Sat, Jul 15, 2006 - Page 7 News List

Brazilian president begins campaign for a second term

AP , SAO BERNARDO DO CAMPO, BRAZIL

President Luiz Inacio Lula da Silva began his campaign for re-election by promising to help Brazil's poor and uneducated working class.

"Our goal was, is and shall be to improve the lives of workers," Silva told supporters on Thursday at a dinner in this industrial suburb of Sao Paulo where Silva, labor leaders, intellectuals and leftist politicians launched the Workers Party, or PT, 27 years ago.

"For us, economic policy and social policy are two faces of same coin," Silva said.

The 60-year-old president, who has rebounded from a corruption scandal and risen in public opinion polls, is heavily favored to win a second four-year term in the Oct. 1 election.

"He's the best president Brazil has ever had," said Valter Samara, a 69-year-old farmer who came from neighboring Parana state to attend the dinner.

Silva, a grade-school dropout and former factory worker from the poor northeast, has strong support among working-class Brazilians. His cautious economic policy has kept the country on a path of steady growth, while the minimum wage has risen sharply to US$160 a month.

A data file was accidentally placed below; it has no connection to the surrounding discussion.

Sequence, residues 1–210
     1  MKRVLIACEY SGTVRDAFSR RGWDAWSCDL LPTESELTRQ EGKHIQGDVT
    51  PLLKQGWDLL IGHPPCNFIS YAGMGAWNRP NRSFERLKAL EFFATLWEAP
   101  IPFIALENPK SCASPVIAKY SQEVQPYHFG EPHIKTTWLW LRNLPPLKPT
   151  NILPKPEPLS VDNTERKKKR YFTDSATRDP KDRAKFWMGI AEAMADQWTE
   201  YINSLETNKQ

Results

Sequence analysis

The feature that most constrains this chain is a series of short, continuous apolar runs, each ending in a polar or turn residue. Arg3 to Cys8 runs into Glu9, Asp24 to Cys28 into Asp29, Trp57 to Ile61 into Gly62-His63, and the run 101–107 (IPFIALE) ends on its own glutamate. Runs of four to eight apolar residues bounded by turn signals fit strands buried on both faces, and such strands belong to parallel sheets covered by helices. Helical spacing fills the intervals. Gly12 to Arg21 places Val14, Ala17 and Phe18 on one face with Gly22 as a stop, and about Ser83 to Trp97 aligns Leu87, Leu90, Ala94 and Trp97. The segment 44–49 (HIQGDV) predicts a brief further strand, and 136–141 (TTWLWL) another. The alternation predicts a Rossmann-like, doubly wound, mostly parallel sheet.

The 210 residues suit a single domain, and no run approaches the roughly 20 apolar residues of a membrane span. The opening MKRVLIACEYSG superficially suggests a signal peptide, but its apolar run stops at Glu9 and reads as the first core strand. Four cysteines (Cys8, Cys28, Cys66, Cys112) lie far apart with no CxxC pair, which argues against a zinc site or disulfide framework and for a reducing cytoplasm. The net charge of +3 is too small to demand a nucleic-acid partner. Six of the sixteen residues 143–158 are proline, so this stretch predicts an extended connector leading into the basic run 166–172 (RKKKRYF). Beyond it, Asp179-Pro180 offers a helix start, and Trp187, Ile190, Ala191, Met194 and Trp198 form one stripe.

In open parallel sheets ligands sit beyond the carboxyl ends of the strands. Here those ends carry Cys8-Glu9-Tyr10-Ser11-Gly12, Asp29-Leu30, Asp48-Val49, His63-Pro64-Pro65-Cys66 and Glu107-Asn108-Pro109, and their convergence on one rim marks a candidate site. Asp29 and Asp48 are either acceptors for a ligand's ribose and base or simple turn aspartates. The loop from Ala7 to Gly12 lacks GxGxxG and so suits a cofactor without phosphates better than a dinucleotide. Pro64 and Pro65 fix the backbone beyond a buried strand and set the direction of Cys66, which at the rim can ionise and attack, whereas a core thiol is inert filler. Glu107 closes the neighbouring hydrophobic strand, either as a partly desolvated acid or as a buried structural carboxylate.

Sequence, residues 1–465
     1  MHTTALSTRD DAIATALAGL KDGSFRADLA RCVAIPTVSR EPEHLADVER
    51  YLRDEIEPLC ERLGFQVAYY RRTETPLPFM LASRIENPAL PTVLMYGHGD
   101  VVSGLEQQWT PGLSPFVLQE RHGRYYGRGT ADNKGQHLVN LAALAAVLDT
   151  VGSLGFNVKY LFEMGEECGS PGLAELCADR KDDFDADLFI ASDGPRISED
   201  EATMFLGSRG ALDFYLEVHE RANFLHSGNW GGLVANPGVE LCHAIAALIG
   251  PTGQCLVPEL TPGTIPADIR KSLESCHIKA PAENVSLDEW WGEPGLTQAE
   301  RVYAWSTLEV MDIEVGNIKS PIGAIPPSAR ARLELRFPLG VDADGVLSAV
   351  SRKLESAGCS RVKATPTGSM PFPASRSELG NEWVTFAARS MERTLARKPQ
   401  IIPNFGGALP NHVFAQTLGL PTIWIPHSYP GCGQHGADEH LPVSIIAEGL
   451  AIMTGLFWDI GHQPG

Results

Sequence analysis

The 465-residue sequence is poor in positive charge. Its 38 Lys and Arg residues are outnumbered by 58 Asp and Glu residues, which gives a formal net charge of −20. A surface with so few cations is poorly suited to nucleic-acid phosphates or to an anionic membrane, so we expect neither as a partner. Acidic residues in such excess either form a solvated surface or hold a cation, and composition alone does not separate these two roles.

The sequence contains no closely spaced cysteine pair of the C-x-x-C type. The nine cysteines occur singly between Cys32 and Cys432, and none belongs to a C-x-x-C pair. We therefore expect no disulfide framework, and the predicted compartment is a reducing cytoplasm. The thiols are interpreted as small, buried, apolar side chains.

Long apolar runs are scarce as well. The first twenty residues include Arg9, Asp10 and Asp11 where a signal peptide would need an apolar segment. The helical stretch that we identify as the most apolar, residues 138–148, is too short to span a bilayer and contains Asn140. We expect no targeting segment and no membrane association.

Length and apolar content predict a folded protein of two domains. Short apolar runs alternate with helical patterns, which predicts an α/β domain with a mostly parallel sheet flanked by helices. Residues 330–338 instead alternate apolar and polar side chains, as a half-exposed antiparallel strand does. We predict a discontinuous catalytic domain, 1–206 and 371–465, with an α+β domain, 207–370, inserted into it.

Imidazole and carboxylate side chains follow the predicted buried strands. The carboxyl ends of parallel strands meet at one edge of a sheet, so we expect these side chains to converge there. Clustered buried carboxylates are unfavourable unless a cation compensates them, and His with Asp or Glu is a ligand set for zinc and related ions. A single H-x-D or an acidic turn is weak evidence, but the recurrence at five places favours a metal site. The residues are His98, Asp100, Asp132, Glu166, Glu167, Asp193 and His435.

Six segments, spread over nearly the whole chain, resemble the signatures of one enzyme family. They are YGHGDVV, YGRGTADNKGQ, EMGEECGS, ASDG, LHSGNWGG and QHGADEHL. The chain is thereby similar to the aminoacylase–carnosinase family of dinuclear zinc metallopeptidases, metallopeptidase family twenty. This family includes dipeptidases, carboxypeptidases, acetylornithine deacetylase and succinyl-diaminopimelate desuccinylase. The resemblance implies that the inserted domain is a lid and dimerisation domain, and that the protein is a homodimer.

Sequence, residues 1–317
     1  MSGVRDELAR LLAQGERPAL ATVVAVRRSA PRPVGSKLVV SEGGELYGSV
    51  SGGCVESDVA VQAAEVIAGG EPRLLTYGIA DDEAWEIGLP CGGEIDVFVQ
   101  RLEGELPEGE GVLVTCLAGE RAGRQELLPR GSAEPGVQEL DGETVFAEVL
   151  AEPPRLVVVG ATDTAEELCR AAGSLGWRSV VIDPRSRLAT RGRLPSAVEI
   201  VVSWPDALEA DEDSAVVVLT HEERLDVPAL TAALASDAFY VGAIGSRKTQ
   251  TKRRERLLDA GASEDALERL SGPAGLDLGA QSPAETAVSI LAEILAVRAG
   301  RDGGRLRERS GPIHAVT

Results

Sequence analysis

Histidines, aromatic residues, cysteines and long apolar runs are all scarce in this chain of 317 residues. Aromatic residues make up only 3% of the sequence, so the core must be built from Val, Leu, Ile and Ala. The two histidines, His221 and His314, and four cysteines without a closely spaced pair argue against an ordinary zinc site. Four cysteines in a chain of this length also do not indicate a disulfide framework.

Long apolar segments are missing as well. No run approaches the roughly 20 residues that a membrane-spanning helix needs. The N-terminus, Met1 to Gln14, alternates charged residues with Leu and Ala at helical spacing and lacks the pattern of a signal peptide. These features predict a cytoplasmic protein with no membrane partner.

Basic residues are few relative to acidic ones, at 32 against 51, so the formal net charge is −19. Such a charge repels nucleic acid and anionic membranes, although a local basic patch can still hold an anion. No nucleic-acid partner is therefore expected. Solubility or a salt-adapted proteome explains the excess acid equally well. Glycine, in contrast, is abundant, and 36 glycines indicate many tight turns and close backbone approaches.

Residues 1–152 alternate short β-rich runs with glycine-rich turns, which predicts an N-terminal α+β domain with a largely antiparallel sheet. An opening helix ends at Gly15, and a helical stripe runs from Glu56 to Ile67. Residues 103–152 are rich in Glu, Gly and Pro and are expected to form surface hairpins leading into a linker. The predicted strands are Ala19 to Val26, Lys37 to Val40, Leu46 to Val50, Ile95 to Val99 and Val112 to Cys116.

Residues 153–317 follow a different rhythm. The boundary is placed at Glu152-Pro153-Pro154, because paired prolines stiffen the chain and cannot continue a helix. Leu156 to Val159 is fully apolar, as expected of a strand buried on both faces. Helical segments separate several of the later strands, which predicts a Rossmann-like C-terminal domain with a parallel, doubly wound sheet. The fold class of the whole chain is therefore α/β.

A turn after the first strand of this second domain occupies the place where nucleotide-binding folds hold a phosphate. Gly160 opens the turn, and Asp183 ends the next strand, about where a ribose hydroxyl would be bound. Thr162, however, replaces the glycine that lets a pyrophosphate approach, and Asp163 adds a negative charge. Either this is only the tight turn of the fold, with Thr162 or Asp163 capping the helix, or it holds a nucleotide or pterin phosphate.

"Millions of Brazilians have left poverty under my administration and entered the middle class," Silva said. "Employment rates have in risen every single month of my government."

Life-size posters of Silva and banners reading "Lula again, with the strength of the people" decorated the huge Sao Judas Tadeu restaurant, where some 3,000 people attended the US$92-a-plate fundraiser.

The PT has set a limit on campaign expenses, as required by law, and plans to spend US$41 million, about 30 percent more than in 2002.

In a survey this week by the polling firm Sensus, 44 percent of respondents backed Silva compared with 27 percent for his closest rival, former Sao Paulo state Governor Geraldo Alckmin of the centrist Social Democracy Party.

Sensus said that, discounting undecided voters and blank or voided ballots, Silva would probably get the 50 percent he needs to avoid a runoff Oct. 29.

PT President Ricardo Berzoini said on Wednesday that one of Silva's biggest challenges is to recover the support of the middle class, which helped catapult him to the presidency four years ago.

He said many middle-class Brazilians felt excluded from the government's social programs aimed at helping the poor.

"Our campaign will show that reducing social inequality stimulates the economy and reduces crime rates, thus benefiting the middle class as well," Berzoini said.

A recent survey by the Datafolha polling institute showed that under Silva at least 6 million poor Brazilians entered the middle class.

Another major campaign issue is public safety, which has been highlighted in recent months after gangs launched prison rebellions and attacks on buses, police stations and civilian targets.

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